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Muscadine (Vitis rotundifolia Michx., syn. Muscandinia rotundifolia (Michx.) Small): The Resilient, Native Grape of the Southeastern U.S

1
Department of Horticulture, University of Georgia, Athens, 322 Hoke Smith Building, Athens, GA 30602, USA
2
Department of Horticulture, University of Georgia, Tifton Campus, 2360 Rainwater Road, Tifton, GA 31793, USA
*
Author to whom correspondence should be addressed.
Agriculture 2019, 9(6), 131; https://doi.org/10.3390/agriculture9060131
Received: 19 April 2019 / Revised: 13 June 2019 / Accepted: 15 June 2019 / Published: 22 June 2019
(This article belongs to the Special Issue North American Native Food Crops)
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Abstract

Angiosperms are well adapted to tolerate biotic and abiotic stresses in their native environment. However, the growth habit of native plants may not be suited for cultivation and their fruits may not be desirable for consumption. Adapting a plant for cultivation and commercial appeal through breeding and selection may accentuate weaknesses in pest tolerance. The transition of muscadine from a wild, native plant to a cultivated crop has taken place over the last 150 years. Early production primarily involved cloning elite wild selections; few pest management inputs were needed since the material was genetically similar to the native plant. Over time, emphasis was placed on the refinement of pruning, trellising, and other cultural inputs to increase productivity and commercial implementation. In turn, breeders developed newer cultivars with greater productivity and commercial appeal. Many modern muscadine cultivars remain tolerant to biotic pests and are adapted to a hot and humid climate. The primary focus of this review is to provide a descriptive context of muscadine as a native American, perennial fruit crop that requires minimal pest management in hot, humid climates relative to recently introduced European bunch grapes. Inherent muscadine traits resulting in fewer pesticide inputs make them worthy of being planted across considerable acreages; yet, muscadines remain a niche crop. We conclude that muscadines suffer from their short history of cultivation in a confined region and would benefit from breeding and marketing efforts to increase consumption, commercial acceptance, and awareness. View Full-Text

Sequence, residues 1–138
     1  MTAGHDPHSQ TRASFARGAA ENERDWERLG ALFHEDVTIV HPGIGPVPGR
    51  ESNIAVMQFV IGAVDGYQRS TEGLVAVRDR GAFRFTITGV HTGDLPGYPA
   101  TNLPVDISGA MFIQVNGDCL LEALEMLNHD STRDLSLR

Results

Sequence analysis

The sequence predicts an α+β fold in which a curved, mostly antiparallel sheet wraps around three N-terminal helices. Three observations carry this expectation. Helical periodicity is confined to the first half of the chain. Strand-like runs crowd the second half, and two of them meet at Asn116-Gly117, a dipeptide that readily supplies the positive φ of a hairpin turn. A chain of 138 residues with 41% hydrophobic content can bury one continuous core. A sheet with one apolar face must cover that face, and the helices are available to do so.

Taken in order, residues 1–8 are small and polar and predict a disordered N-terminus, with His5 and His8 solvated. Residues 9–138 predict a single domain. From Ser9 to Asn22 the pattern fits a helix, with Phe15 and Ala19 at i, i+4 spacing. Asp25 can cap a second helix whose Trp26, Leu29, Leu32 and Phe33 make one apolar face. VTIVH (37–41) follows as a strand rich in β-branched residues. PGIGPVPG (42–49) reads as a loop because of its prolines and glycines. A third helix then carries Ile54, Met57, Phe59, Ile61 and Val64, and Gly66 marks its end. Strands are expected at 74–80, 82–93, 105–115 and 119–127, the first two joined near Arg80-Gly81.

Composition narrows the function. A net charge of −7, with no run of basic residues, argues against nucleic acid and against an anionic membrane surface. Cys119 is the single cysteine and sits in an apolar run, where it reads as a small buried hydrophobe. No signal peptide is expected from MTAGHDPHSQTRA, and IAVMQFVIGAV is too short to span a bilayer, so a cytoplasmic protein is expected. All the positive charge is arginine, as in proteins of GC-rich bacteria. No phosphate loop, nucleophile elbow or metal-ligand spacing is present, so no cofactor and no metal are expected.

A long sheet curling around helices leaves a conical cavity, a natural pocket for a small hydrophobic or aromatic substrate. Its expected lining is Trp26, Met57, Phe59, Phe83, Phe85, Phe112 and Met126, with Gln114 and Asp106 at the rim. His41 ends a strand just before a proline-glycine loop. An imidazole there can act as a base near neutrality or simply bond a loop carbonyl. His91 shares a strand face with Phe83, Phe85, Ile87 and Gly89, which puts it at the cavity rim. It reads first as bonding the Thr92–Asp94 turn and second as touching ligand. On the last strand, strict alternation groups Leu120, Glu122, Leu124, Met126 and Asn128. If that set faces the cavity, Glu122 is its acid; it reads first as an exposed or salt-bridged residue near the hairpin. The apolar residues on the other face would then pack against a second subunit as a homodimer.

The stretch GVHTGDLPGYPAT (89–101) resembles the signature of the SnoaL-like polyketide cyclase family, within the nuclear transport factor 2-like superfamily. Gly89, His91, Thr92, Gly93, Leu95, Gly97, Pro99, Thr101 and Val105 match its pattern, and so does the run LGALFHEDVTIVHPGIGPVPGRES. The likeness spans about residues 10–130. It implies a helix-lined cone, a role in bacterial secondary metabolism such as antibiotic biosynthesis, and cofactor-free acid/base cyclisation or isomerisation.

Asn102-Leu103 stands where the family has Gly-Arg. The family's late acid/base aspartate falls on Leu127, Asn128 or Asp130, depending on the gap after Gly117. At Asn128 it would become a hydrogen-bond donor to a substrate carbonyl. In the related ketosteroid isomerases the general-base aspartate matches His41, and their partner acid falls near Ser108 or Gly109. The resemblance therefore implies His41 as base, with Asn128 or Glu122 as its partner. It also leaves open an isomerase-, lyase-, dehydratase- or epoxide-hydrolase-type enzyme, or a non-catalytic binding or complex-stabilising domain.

Keywords: breeding; cultural practices; muscadine; pesticides; plant disease; ‘Scuppernong’ breeding; cultural practices; muscadine; pesticides; plant disease; ‘Scuppernong’
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Hickey, C.C.; Smith, E.D.; Cao, S.; Conner, P. Muscadine (Vitis rotundifolia Michx., syn. Muscandinia rotundifolia (Michx.) Small): The Resilient, Native Grape of the Southeastern U.S. Agriculture 2019, 9, 131.

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